Sunday, February 24, 2013

How I Did Not Give My Son Autism


This week, the blog The Thinking Mom’s Revolution published an excellent entry entitled “How I Gave My Son Autism” in which a mother examines possible causes of autism that may have contributed to her son’s autism. [To read this blog entry, click here.] With specific references to autism research, she explains how exposing her son unknowingly to various things deemed safe, including Tylenol and sonograms during pregnancy, potentially made him susceptible to autism. Many of the possible culprits were based upon the recommendations of doctors, such as Pitocin and a Caesarian section during delivery; she was simply doing what medical professionals advised. Sadly, she still feels many of her actions are “unforgivable” because of the effects they have had upon her son.

Like her, I have often wondered what, if anything, I did to contribute to Alex having autism. I have always been a seemingly healthy person who lived a very healthy lifestyle. Nonetheless, my pregnancy with Alex was designated high-risk when I was diagnosed with the autoimmune blood platelet disorder idiopathic thrombocytopenic purpura, which made me susceptible to bleeding. To treat my condition, I had to take the corticosteroid medication Prednisone and intravenous gamma immune while several sonograms monitored his development. When I went into labor almost a month early, he was delivered by Caesarian section. Certainly, I have wondered if any of those circumstances led to Alex developing autism, but I was simply following the direction of doctors whom I trusted. Moreover, those treatments probably saved Alex’s life and mine. I can’t feel guilt for that.

Perhaps looking for better answers and certainly seeking ways to help Alex, I constantly research autism.  As I study the research, I often discover that many of the proposed causes could not be responsible for Alex having autism. In other words, my actions should have prevented giving him autism.  For instance, this month, the media reported a new possible cause of autism: low folic acid. [To read the article “Can Folic Acid Reduce the Risk of Autism?” click here.]  Because I knew that taking folic acid prior to and during pregnancy prevented neural tube disorders in babies, I faithfully took folic acid supplements before and during pregnancy.  By being proactive in that respect, I can feel confident I did the right thing for Alex.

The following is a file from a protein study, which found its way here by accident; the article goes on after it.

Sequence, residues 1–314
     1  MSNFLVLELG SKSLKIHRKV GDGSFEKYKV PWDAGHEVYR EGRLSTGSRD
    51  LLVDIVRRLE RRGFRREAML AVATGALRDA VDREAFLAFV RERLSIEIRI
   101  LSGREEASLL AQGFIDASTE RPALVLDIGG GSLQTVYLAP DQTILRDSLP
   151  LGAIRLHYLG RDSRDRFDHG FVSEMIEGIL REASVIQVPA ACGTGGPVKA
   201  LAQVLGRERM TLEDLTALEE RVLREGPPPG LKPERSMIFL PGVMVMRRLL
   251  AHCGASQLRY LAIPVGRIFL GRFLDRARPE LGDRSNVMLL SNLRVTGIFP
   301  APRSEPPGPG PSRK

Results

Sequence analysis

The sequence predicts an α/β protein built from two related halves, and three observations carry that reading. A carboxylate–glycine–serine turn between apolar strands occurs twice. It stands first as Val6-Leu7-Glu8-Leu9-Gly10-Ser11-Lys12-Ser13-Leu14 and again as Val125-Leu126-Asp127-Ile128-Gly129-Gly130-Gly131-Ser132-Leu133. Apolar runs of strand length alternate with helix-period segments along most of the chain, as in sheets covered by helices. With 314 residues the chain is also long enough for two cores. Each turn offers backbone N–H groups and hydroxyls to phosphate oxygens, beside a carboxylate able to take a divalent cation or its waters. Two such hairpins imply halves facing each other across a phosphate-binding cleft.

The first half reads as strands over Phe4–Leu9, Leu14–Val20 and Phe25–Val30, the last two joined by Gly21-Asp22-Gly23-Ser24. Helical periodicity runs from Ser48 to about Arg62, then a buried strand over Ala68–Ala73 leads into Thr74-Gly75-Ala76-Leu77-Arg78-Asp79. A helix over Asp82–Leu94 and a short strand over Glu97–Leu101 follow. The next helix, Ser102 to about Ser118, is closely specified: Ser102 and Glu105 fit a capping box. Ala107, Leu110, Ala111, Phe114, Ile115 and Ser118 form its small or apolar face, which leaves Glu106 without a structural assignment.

According to another article published this month entitled “Fact Box: 5 Areas of Research into Environmental Causes of Autism” [To read this article, click here.], potential causes of autism include the following: nutrition, mother’s immune system, traffic pollution, chemicals, and medication. To address those issues, I can honestly say that I ate properly and took supplements when I was pregnant, I trusted my doctors who treated my immune system issues, I live in a town with minimal traffic pollution, I avoid chemicals as best I can, and I’ve never taken the anti-depressants specifically cited as problematic. Once again, I can’t take blame based upon these causes.

A third research article that appeared this month also seems to suggest possible causes of autism that do not account for Alex having autism.  The article “Autism Causes and Risks, Latest Findings” [To read this article, click here.] proposes various risk factors for autism, including taking anti-depressant and anti-seizure medications during pregnancy, which I have never taken. The research also suggests older mothers and close births as potentially problematic. I was 29 when I gave birth to Alex, putting me under the older than 35 definition of “older mothers.” Also, since Alex is my only child, the close births theory of having two pregnancies spaced a year apart doesn’t fit our situation, either. Another risk factor, genetics and gene mutations, is a possibility, but not one over which I had any control. Two other risk factors could have affected Alex—fever and prenatal inflammation—as I had flu and ran a fever when I was pregnant. However, I did treat the fever with over the counter medication, which, according to the research, should have helped. Moreover, I would think many pregnant women would run a fever at some point; I question how much this might contribute to autism.